Also, I just miss spending time with him and my mama and mes animaux.

I’m so grateful that he is here this weekend, and I’m incredibly excited to go home for Thanksgiving, which is already my favorite hollyday.

Incredibly. Excited.

Likeyoudon’tevenknow.

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It has been pretty bracingly cold in Chicago over the last few days.
I can’t say I’m surprised or unused to this type of weather, since Ithaca has very similar weather patterns (it generally lags 1 or 2 days behind Chicago weather, but is temperature-wise very similar), but it sure came on fast.

Supposedly, it will be 64 on Sunday…  Again, can’t say I’m surprised.

But three short days ago, it was 27 degrees F with the sun out, not including the windchill.

Edit: It’s around 45-50 degrees out today.  Gorgeous.  Perfect.  My kind of weather.  Cool enough to be comfortable.  Warm enough to be pleasant.  

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Enter: bread pudd’n.
Hot, crunchy, citrusy, and custard-like, it’s a great comfort dessert.
The bread pieces on top are crunchy and crispy from the almonds and extra sugar which caramelizes in the oven.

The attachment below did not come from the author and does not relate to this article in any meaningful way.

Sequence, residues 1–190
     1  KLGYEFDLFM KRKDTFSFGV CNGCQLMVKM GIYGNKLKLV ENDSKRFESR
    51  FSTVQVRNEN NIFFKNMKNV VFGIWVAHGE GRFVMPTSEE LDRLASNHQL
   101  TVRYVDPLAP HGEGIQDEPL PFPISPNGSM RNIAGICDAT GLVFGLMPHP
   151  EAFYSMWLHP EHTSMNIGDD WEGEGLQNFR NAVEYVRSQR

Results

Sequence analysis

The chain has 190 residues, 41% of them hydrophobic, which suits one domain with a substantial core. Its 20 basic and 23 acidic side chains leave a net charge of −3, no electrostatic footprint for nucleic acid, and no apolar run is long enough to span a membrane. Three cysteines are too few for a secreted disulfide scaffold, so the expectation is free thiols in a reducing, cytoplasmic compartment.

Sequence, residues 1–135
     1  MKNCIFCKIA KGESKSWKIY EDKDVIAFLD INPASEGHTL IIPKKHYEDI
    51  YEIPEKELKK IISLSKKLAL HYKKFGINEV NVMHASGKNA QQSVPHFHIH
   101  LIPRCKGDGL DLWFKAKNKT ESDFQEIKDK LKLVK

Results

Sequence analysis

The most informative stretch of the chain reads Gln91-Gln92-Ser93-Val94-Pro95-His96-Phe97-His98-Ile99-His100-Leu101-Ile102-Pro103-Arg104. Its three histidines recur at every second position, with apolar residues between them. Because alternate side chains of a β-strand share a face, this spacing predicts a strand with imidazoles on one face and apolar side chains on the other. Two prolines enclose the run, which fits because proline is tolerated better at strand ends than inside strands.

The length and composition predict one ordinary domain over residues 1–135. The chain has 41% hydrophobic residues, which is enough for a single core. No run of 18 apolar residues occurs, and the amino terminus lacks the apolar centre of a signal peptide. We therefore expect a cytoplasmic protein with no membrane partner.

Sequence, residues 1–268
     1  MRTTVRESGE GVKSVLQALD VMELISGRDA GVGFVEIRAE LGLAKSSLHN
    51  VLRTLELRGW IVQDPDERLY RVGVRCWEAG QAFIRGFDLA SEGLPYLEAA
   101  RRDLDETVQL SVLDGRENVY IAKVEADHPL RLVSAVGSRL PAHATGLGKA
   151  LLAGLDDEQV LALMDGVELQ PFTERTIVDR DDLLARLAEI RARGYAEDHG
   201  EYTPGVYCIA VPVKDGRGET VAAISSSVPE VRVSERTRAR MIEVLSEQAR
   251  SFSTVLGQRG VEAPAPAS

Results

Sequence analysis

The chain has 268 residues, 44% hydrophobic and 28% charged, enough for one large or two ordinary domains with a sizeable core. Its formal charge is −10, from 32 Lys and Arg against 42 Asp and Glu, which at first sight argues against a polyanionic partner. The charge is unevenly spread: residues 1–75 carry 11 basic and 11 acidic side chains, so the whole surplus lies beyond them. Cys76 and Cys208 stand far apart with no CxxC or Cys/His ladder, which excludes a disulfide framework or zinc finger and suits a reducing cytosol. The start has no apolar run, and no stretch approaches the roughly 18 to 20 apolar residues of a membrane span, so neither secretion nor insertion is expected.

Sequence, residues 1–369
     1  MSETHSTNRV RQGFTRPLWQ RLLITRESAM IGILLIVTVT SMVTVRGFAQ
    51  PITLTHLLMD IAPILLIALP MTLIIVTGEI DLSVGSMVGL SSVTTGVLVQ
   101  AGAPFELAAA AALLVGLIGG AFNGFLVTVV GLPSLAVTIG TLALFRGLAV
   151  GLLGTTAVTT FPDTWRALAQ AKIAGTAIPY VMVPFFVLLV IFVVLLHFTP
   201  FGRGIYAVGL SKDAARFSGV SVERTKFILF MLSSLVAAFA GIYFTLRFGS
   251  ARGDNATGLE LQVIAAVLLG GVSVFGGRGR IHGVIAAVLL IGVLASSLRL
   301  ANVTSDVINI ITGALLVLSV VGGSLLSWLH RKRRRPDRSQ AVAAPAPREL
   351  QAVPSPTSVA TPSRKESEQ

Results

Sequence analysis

Those on bottom are soft and gooey, bathed in custard redolent of citrus and butter.
It’s an eggy delight, and so simple!

I would love to be curled up on a couch right now, wrapped in blankets, with a steaming bowl full of bread pudding topped with a great mound of softly whipped cream and powdered sugar, watching Game of Thrones.

Can someone come make that happen?

Like, now?

Guys?

Anyone?

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Orange and Lemon Bread Pudding
ingredients:
5 eggs
1/2 cup plus 2 tablespoons brown sugar
pinch kosher salt
2 1/3 cups milk
zest of 1 lemon
juice of 1 lemon
1 batch orange curd, fully cooled (recipe below)
1 1/2 loaves soft Italian bread
turbinado and granulated sugar, for sprinkling
handful almond slices, for garnish
powdered sugar and softly whipped cream, for serving

directions:
Preheat oven to 350 degrees F.
Butter a 12-inch round pan (or other pan of comparable size).
Slice your bread into slices between 1/2 and 3/4 inch thick.
Whisk eggs, milk, lemon zest and juice, sugar, and salt together.
Spread each of the sides of each of your slices of bread with orange curd, then arrange them in your pan.
Pour the milk and egg mixture over the slices of bread, making sure that they all get at least partially covered.
Sprinkle heavily with turbinado and granulated sugar.
Bake for 30 minutes, turning halfway through, until custard is set but slightly wobbly.
Garnish with lots of almonds and stick back in the oven for 5 minutes, to let the almonds toast up a little bit.